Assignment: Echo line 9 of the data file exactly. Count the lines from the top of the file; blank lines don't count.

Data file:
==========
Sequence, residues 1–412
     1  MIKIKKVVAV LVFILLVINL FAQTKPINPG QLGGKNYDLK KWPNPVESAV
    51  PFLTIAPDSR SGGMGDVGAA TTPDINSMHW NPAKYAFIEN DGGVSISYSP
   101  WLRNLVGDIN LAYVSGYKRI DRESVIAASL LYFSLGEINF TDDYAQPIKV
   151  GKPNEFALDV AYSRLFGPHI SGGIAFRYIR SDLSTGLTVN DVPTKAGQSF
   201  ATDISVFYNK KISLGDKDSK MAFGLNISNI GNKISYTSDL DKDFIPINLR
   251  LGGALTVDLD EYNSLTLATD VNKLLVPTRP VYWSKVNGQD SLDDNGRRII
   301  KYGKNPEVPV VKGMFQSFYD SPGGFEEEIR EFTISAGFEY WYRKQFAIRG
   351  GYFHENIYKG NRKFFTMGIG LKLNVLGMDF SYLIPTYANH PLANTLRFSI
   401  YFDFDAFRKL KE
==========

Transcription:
   351  GYFHENIYKG NRKFFTMGIG LKLNVLGMDF SYLIPTYANH PLANTLRFSI